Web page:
For the love of Christ compels us, because we are convinced that one died for all, and therefore all died.—2 Corinthians 5:14
IN THE WEE hours of the morning, as soon as I wake up, I launch into a philosophical exploration of sorts. Why do I do what I do? Am I where I should be? Is it the Lord’s will for me to be a doctor? It’s amusing: I’ve had my PRC license for a year and half now, but I still wonder if I should be a physician at all. Do you find yourself asking these questions, too?1
But I am where I am and where I should be. And I trust in the comfort of God’s promises that all things work out for my good and His glory (Romans 8:28). I am thankful for the calling—this vocation of saving lives—that He has led me to.
Christ’s love compels me to be gracious to patients, and to ask for forgiveness if I act otherwise. I fail—sometimes miserably—at times. Perhaps stress gets the better of me, or perhaps something does lurk in my heart—some indwelling sin, likely pride—that manifests itself when I lose my guard. But Jesus has died for my sins and saved me from them. He has given me a new life and with it, a new heart. And all the good I do I am able to do because of this changed life He has given me.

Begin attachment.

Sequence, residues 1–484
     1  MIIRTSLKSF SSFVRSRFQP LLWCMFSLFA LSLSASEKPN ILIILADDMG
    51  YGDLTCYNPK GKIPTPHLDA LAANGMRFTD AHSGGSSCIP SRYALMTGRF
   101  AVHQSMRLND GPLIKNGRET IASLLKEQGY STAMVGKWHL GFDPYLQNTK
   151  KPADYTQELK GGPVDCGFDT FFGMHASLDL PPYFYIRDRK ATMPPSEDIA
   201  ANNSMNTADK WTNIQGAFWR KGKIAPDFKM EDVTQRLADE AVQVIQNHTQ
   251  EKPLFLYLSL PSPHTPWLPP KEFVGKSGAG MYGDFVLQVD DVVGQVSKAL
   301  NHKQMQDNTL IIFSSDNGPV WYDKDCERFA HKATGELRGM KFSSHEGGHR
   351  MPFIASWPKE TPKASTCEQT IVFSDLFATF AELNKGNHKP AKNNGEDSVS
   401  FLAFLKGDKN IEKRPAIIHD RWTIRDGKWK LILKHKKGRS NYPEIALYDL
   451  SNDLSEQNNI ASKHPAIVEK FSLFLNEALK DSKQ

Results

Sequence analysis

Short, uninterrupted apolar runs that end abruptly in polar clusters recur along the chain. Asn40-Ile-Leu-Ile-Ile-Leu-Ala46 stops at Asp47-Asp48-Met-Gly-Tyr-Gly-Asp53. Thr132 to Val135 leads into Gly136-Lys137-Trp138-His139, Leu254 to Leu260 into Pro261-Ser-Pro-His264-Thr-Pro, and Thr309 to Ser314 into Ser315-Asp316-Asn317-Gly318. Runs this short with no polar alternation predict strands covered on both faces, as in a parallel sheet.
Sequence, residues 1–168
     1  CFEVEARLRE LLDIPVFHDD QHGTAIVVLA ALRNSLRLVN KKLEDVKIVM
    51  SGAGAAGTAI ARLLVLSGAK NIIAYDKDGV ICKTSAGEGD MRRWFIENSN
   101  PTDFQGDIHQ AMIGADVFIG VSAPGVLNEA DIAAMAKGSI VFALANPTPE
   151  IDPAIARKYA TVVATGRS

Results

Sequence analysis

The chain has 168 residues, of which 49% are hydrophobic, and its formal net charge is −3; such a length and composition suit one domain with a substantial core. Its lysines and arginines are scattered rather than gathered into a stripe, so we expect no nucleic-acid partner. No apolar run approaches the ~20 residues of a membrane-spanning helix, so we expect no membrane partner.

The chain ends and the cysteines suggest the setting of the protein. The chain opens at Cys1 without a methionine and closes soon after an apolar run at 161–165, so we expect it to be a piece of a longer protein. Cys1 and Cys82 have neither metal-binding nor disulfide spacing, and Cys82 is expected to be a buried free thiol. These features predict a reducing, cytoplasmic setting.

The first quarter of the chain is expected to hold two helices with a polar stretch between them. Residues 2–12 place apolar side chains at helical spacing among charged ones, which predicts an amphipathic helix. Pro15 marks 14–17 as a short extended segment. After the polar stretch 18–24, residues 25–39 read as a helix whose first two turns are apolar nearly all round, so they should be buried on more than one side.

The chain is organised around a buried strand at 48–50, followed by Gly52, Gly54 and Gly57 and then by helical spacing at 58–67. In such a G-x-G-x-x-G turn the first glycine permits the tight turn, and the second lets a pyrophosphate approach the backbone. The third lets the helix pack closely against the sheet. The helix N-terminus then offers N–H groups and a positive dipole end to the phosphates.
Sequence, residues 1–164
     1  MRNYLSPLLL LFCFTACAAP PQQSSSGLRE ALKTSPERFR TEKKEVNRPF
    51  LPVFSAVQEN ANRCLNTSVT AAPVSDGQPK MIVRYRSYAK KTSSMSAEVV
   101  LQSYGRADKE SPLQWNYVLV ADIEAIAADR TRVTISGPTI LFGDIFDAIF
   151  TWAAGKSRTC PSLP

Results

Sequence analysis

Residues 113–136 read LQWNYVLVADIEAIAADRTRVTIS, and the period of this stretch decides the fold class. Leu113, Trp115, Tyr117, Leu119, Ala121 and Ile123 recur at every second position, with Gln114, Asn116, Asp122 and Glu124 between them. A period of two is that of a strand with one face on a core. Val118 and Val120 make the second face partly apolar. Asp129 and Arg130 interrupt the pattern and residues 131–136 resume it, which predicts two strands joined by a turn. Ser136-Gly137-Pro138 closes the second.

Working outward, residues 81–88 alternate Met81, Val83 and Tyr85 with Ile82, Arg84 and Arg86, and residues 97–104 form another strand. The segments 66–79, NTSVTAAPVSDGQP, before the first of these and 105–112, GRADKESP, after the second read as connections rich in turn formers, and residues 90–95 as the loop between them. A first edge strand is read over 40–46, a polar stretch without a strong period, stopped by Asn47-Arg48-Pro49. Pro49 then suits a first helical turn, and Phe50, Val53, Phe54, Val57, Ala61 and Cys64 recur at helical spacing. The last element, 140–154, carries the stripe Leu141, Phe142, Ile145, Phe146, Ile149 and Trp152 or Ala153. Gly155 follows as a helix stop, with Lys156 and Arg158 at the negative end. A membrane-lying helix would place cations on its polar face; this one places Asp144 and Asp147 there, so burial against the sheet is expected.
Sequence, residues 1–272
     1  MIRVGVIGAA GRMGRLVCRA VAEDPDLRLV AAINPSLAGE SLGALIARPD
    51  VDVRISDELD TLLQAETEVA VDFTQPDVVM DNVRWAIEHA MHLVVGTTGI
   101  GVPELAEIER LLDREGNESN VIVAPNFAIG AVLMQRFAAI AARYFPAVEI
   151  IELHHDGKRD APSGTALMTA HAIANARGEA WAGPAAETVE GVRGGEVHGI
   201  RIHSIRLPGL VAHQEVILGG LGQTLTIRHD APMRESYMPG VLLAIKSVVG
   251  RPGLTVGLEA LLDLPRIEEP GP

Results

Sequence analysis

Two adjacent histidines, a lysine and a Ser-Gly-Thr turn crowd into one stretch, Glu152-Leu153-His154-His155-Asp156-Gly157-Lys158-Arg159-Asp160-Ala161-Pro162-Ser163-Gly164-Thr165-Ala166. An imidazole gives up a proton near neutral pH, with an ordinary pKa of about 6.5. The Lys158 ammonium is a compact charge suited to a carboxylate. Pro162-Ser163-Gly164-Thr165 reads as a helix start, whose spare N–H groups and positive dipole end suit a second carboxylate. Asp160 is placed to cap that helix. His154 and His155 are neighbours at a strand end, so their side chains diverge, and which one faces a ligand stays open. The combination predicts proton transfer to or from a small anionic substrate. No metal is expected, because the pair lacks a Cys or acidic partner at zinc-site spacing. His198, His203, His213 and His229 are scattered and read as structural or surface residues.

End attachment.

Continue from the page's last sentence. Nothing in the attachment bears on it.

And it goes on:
To be dead to sin is to be alive to God. It amuses and amazes me, in equal measure, to hear “death” and “life” in one statement—two words that I grapple, struggle, and deal with every day.
- Surely there are many alternative answers.
I could have been an English major. Had I pursued that path, I would have obtained my PhD already. I’d probably be affiliated with the academe, writing my treatise on grammar, asking my students to submit their paper on James Joyce’s Ulysses on time.
I could have been a lawyer. My brother agrees with me: I should have made a better lawyer and he a better doctor. I’d be writing my pleadings for court, or reading the new jurisprudence on, say, extra-judicial killings, and saying “Objection, Your Honor!” all the time. ↩